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Unlike longtime beau Bieber, Gomez won't give paparazzi reaction they crave

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TORONTO - While her on-again, off-again beau Justin Bieber has made a sport of angrily antagonizing the ever-present paparazzi, Selena Gomez rarely seems in danger of losing her poise amid the prying gaze of tabloid photographers.

But it's not because she condones their behaviour.

"I don't really want to give them what they want, you know?" the 21-year-old singer with the long, dark chocolate locks said in a recent interview. "I don't agree with it (and) I don't like it. I want to go to the grocery store and hang out with my friends at the movies and not be bothered by grown men with cameras — that's awkward.

"But at the same time, it's a part of what I have to do and I have to sacrifice that, I guess. I just try to keep my head down because I know exactly what they want. They want a reaction and I don't want to give it to them."

Indeed, the Disney-reared always seemed the especially calm in contrast to Bieber's perpetual storm — not that she'd talk about that, of course. Journalists were strictly forbidden from mentioning the Stratford, Ont., pop star's name in the interview, a point mentioned several times then punctuated by the hulking body guard positioned by the hotel-room door.

The heavy-handed rules must have caused some consternation, because these are the first words Gomez utters with a shy smile as she greets her interviewer: "Are you going to be nice to me?"

Gomez, we're told, only wants to talk about "Stars Dance," her fourth album overall and first without the backing band the Scene. And the Texan sure displayed some nifty footwork here, specifically when asked about the plaintive closing track "Love Will Remember," which features such lovelorn lines as "You said you loved me, I said I loved you back/ What happened to that?"

She has previously said the song was about Bieber, but probed on the subject on this day she merely offered up: "It's a great song and it's exactly what it is and it's obviously a song that needs to say what it should say."

As indicated by the album's first single, the suggestive tribal banger "Come and Get It," the album finds Gomez tossing a few grains of grit atop her squeaky-clean image without approaching the risque depths regularly plumbed by peers.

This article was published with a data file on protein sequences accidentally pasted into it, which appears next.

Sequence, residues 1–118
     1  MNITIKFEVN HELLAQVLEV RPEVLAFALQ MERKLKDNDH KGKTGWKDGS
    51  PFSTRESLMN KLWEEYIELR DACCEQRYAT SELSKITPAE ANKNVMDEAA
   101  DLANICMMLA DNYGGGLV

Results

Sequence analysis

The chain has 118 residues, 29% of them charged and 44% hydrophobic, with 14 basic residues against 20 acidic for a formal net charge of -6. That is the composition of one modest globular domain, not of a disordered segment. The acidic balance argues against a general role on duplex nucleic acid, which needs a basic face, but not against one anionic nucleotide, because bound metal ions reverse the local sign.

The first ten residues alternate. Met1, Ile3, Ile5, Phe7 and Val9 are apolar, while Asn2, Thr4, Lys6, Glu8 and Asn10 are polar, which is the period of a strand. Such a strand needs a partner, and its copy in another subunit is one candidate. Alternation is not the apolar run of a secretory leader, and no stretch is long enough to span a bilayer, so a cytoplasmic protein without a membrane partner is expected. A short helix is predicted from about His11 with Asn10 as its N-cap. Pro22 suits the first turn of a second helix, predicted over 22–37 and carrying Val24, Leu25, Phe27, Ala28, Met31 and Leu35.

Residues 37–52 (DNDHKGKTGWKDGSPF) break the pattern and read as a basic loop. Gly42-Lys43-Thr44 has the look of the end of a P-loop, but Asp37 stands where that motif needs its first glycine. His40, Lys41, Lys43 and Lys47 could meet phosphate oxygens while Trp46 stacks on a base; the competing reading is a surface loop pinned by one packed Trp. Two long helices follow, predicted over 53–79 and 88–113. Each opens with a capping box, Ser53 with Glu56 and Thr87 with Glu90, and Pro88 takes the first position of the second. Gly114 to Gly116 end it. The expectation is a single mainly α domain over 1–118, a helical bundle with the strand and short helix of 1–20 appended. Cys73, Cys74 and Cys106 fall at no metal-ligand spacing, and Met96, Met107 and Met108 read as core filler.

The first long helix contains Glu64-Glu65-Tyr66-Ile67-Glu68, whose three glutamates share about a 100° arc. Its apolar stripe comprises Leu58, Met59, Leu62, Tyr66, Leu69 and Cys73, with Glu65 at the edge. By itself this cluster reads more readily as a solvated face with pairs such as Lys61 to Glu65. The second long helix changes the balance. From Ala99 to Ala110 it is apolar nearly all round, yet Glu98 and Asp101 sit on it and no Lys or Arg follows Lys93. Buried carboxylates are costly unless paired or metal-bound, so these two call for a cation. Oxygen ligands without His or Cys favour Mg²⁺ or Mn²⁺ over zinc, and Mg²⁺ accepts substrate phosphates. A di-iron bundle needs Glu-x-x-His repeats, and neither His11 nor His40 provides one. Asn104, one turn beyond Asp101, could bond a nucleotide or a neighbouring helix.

Nothing is as shocking as her role in last year's Harmony Korine-directed bikinis-'n'-balaclavas thriller "Spring Breakers," and Gomez says she hoped to ease her fans into her maturation.

"When I did listen to the record all the way down, the first thing in my mind was: Is this appropriate from this age on to this age on? That is important to me, 100 per cent," she said. "So yes, I took that into consideration. But I think this was a perfect way for me to step into a little bit more of a mature side of music. But I still have my littles dancing to 'Come and Get It' and it makes me happy."

Gomez has mused on the possibility of "Stars Dance," in stores this week, being her last studio album. She has a busy acting schedule, with films upcoming featuring the "Wizards of Waverly Place" star alongside Ethan Hawke ("Getaway"), Mary-Louise Parker and Elisabeth Shue ("Behaving Badly") and Laurence Fishburne (William H. Macy's directorial debut, "Rudderless").

She's not discounting a return to recording in the future, but seems more intrigued by her future as an actress.

"This (music) industry's so fickle, you can't trust it — one day you're good, the next day you're gone. So that's the tricky part," she said. "I've been telling people that this might be my last record for a while. I mean, eventually I might get back into it, but I definitely haven't taken a full break just to focus on one thing.

"I did four albums, and they were all incredible, I'm very happy and proud of them, but now I think it's my turn to step more into the acting side of things and figure that out a little bit more. I'm not going to say it's forever but yes, I will take a little bit of a break."

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